The good news of yesterday night was a post on Honey's blog to say that Pema is joyfully born and is healthy and strong. She's received many messages of congratulations - thanks so much for thinking of her and wishing her well.
Yet again, I'm reminded how necessary it is for me to take on obligations. If not, I'd do very little at all, as this morning indicates. Even I, however, am starting to think that I've been ambling round lazily or sitting reading the paper and listening to music for almost long enough and am considering doing something useful. There are several options. I have a letter to write, which I will certainly do at some point today - but that hardly counts, because I have promised to do it today and I am quite reliable at fulfilling obligations.
Otherwise, I have a whole lot of stuff to sort out to hand over to someone - it's probably 2 hours solid work, plus a list - an aide memoire - to write which will probably be added to over a couple of days. Housework is an ever-present option - this is not the sort of house where it's ever finished.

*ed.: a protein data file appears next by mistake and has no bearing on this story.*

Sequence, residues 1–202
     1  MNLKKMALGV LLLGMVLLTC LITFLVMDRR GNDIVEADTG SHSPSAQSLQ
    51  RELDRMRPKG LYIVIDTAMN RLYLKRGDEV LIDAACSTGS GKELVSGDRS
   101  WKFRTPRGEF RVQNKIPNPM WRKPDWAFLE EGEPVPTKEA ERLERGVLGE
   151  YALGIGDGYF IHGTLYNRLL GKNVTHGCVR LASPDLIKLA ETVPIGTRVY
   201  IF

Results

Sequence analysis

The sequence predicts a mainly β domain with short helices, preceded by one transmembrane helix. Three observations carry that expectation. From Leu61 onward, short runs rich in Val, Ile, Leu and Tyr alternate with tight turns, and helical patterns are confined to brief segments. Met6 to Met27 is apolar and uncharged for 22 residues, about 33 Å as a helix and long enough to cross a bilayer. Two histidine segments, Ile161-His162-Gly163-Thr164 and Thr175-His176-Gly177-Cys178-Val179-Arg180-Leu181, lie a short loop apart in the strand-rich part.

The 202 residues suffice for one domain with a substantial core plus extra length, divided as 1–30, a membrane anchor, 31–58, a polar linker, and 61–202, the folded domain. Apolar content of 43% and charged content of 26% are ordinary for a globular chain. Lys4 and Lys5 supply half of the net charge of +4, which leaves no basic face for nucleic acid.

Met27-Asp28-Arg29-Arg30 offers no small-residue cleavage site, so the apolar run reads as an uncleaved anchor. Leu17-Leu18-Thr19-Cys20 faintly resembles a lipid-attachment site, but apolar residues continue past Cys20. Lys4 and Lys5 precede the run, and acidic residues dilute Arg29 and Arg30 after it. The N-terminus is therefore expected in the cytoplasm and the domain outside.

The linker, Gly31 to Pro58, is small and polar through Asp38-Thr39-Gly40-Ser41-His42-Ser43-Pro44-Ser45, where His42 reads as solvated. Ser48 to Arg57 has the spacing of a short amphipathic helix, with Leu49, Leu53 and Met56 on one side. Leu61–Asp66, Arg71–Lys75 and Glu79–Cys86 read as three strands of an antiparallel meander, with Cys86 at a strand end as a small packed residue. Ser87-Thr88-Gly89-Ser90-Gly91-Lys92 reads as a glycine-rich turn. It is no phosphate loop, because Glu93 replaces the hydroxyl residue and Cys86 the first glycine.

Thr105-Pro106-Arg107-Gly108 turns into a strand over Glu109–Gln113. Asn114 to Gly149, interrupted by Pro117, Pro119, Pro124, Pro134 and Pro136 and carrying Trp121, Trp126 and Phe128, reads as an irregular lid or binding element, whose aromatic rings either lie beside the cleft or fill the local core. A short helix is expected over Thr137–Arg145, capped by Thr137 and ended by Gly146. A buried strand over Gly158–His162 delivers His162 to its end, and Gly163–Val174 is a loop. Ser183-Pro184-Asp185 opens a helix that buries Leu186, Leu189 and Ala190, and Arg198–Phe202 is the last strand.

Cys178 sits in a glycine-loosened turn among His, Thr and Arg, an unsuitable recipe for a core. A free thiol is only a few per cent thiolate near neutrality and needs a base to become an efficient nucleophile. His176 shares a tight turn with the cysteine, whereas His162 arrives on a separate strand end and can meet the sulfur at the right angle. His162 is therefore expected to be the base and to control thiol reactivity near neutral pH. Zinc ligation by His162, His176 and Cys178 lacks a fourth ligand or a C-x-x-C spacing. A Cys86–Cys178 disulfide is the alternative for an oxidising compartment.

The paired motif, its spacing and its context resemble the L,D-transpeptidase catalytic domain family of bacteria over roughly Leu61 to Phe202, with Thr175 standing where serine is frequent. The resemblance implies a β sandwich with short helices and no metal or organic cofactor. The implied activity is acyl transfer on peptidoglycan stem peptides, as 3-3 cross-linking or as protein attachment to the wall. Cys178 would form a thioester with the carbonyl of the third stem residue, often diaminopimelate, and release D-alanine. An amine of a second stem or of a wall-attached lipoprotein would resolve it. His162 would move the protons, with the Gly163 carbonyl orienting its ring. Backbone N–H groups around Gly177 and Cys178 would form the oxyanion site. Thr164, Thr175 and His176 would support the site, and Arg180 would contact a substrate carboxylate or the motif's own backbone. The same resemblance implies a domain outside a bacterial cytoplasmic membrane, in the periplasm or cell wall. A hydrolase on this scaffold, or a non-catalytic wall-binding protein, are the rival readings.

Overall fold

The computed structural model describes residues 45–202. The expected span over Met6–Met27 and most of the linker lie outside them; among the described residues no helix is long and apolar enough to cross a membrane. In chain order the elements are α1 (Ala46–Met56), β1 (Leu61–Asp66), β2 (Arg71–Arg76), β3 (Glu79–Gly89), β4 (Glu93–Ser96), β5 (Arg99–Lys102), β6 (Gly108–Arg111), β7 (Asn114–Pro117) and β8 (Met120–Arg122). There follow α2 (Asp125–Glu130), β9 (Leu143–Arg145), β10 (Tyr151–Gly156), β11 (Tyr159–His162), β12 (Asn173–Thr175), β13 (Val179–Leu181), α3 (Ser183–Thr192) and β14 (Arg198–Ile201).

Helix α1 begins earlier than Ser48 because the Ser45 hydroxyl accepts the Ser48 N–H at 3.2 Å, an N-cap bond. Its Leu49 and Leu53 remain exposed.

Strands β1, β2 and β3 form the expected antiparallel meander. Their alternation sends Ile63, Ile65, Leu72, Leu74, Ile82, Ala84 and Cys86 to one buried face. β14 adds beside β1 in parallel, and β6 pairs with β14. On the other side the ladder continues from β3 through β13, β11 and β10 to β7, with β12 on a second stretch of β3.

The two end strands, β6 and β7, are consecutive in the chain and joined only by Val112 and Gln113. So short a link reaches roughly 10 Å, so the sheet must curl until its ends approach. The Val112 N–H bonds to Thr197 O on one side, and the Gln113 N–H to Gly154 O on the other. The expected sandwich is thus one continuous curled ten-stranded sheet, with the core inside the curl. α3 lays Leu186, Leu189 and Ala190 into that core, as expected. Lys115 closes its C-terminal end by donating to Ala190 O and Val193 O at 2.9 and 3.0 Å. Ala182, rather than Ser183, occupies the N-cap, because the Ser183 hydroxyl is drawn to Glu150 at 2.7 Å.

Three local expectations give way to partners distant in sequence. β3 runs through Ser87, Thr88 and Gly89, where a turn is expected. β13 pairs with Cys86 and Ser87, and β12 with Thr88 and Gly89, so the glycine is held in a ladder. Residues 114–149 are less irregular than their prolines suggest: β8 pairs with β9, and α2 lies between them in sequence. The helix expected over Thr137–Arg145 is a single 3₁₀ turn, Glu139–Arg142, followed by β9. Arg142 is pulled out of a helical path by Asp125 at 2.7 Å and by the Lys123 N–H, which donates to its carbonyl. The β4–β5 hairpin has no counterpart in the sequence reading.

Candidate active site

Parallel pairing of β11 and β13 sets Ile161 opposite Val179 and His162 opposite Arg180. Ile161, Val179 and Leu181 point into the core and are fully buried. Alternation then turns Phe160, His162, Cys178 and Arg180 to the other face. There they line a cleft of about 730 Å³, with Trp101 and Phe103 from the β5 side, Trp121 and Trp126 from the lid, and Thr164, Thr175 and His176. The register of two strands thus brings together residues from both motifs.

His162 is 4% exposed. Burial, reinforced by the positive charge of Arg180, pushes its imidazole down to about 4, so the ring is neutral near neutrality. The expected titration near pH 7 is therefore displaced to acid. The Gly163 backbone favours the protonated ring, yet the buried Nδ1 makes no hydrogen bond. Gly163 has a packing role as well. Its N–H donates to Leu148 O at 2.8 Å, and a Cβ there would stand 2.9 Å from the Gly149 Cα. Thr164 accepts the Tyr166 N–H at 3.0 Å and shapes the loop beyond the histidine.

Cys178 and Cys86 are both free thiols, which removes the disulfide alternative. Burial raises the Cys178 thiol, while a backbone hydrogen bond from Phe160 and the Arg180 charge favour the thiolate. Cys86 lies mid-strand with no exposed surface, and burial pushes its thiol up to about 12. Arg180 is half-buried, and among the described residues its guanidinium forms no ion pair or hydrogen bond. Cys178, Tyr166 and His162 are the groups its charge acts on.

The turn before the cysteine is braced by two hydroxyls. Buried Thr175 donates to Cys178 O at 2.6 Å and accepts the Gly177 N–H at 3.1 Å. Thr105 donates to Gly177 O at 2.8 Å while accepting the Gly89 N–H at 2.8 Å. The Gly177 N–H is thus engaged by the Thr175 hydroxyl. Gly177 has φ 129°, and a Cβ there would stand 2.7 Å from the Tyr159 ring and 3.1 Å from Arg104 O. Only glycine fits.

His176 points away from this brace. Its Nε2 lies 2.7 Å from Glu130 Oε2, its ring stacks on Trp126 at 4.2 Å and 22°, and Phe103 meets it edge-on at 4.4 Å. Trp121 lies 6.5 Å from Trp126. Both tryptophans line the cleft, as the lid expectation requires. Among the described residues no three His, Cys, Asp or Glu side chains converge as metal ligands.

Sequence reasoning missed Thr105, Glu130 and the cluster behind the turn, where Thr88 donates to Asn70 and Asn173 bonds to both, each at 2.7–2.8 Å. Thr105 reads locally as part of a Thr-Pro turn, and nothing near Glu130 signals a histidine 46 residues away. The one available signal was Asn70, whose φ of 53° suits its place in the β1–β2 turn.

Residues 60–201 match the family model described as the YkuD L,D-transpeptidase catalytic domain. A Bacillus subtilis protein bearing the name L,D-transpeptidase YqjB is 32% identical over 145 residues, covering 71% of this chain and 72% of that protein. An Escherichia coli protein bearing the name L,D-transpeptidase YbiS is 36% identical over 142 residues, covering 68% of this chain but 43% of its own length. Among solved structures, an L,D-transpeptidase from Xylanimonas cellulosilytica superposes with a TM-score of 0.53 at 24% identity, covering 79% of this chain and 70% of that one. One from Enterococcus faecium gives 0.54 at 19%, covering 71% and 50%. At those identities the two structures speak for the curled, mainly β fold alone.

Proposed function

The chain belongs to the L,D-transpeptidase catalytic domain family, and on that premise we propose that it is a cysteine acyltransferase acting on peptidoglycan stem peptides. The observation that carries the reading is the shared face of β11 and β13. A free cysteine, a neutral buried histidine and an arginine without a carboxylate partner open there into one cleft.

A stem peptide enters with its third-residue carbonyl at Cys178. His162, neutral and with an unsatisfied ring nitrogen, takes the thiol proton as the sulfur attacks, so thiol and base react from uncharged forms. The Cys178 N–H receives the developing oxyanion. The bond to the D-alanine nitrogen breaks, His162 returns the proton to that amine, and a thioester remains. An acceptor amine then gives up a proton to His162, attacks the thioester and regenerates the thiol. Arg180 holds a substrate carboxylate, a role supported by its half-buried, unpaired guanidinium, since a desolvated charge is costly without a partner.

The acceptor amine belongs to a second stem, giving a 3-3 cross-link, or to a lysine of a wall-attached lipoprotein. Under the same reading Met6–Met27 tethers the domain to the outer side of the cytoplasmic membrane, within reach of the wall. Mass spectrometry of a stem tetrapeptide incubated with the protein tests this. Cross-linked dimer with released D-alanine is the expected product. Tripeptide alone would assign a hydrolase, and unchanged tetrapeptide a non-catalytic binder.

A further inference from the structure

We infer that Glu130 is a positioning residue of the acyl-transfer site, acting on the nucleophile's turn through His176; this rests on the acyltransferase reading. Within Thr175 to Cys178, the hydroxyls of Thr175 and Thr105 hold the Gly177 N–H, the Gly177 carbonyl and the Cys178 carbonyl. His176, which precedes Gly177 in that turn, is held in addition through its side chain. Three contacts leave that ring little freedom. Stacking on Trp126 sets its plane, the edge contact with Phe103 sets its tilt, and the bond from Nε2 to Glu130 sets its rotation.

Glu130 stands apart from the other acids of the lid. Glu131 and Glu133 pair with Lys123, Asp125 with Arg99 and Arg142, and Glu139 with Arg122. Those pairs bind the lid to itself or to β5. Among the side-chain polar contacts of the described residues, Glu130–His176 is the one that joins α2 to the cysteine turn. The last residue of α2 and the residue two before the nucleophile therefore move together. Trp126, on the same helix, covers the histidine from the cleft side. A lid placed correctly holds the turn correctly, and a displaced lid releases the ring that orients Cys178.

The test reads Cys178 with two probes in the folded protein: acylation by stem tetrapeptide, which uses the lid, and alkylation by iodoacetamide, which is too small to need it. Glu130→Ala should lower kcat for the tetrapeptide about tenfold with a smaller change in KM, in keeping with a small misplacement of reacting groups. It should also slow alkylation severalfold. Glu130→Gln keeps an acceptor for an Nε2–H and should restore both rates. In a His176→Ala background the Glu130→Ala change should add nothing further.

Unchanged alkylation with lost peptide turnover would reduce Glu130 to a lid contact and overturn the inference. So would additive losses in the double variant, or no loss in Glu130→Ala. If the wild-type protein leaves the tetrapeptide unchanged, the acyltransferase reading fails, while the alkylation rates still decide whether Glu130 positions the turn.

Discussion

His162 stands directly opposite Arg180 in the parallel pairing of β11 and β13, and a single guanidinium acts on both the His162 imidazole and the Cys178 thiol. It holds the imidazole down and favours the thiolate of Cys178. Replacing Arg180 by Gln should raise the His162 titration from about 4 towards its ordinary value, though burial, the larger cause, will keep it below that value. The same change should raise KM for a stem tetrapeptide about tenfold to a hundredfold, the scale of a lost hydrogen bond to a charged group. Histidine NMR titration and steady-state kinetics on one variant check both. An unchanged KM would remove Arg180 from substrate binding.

And I am considering cleaning bricks. Not all the piles of bricks were deposited on their pallets, which means that they've been sitting on the ground for the past year or so and the bottom ones have to be scrubbed. This takes the Sage a long time. He's sweet-natured and doesn't mind, but it seems fair for me to take a turn at some time.
I wonder which, if any of them, I'll do. Of course, there's time in the day for me to do some of all of them. Heh heh. And how likely is that?
I've just been reading in the paper how schools and nurseries have been advised to stop small children sharing crayons and toys during the flu outbreak. Does anyone in government know anything at all about small children? Have they ever been in a state primary school? The children sit around tables doing things together, not at rows of desks. Pre-school age children are tactile and cuddly and instinctively share things and hold hands. You can't stop them, certainly not for months on end. You can be diligent about hygiene, but I suspect most nurseries are already - you only have to spend a short time in a public lavatory to notice how many people don't wash their hands at all, or give the most perfunctory rinse. Those wretched unhygienic hot air driers don't help at all.